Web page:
A website launched just months ago is aiming to help families in Eastern Jackson County find reliable services of all types for local seniors.

A website launched just months ago is aiming to help families in Eastern Jackson County find reliable services of all types for local seniors.

The website, called Care Connection, was created by the Truman Heartland Community Foundation in partnership with the Mid-Continent Public Library, and was launched in April. It compiles a list of services for seniors offered by local businesses and is divided into categories such as moving assistance and adult day care, among others.

The push behind the idea came from a needs assessment, said Truman Heartland Foundation President Phil Hanson. The assessment found that the fastest growing demographic in the area is those who are over 85 years old.

“We wanted to provide a resource not only for seniors, but their children or caregivers,” Hanson said.

So far, the website, which was built by the Mid-Continent Public Library, has about 400 service listings.

Numbers aside, the project’s organizers found inspiration in their own experiences caring for older parents. Hanson himself used the website to find a local retirement home for his mother-in-law.

Foundation Board Member Cindy Cavanah, who spearheaded the project, had a similar experience in finding care for her father-in-law and also drew on the experiences of friends facing the same issues.

“I have a lot of friends now taking care of their parents, “she said. “We have a lot of similar conversations. I thought, ‘How nice would it have been to have a website to see how many nursing homes there are in Jackson County.’”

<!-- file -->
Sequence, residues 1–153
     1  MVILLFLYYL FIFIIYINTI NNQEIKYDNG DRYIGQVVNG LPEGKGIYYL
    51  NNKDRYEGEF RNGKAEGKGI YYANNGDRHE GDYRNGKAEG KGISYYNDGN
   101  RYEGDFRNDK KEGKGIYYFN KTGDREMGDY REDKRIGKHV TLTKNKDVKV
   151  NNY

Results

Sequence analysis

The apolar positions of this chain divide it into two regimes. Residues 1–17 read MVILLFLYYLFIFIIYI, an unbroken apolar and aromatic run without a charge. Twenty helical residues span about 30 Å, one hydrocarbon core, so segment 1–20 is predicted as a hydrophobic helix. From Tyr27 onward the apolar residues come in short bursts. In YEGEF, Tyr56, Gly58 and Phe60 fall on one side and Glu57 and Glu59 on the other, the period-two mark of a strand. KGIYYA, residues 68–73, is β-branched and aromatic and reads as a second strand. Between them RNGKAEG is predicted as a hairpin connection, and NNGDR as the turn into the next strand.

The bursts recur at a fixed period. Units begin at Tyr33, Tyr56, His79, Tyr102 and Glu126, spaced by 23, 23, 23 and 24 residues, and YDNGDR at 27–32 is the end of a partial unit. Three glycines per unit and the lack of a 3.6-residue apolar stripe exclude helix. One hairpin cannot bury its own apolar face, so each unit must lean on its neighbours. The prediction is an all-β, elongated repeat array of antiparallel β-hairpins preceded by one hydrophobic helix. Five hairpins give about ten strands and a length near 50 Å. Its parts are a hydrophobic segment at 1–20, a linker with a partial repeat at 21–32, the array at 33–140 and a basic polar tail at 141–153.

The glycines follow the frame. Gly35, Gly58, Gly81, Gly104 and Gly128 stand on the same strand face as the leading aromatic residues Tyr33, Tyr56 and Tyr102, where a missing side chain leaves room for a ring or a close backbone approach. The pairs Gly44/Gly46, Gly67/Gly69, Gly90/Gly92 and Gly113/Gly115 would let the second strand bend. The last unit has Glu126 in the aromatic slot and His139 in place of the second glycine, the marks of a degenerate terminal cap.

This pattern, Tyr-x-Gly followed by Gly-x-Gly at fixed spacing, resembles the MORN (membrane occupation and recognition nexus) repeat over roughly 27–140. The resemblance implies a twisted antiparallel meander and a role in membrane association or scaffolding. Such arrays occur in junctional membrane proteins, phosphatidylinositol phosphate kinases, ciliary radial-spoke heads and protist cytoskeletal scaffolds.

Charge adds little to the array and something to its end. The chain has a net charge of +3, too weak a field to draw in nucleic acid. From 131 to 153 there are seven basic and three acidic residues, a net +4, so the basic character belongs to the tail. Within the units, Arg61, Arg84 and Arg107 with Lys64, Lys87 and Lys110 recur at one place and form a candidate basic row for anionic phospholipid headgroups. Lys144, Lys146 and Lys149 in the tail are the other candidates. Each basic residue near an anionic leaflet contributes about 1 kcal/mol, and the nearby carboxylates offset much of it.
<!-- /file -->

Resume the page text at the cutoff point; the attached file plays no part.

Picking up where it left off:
“It’s not so much about the 85-year-old trying to find a meal, as it is about the 85-year-old’s son or daughter trying to find them a meal,” she added.

The online platform not only allows for families to find local care for parents or loved ones, but it allows for those who live out of the area to organize reliable services without traveling. The foundation screens every listing submitted to make sure the business is legitimate.

Cavanah has been a member of the board for a year now, and initially saw the project as an exciting challenge, but also a learning experience. Having worked in a business background, she said the social work language of the project was new to her.

“I thought it sounded like something interesting and challenging and something that I could build from the ground up,” she said.

The website has had around 1,000 visitors since its launch in early April – a modest number that both Hanson and Cavanah hope will grow.

“I would hope in the next year we would be able to get some feedback,” Hanson said. “I hope it can continue to grow in the amount of information we have there.”

Hanson aspires for the number of listings to grow to at least 1,000 by the project’s first anniversary. If it is successful, he said, the foundation may expand the project into neighboring communities.

You can find the service at http://careconnection.mymcpl.org/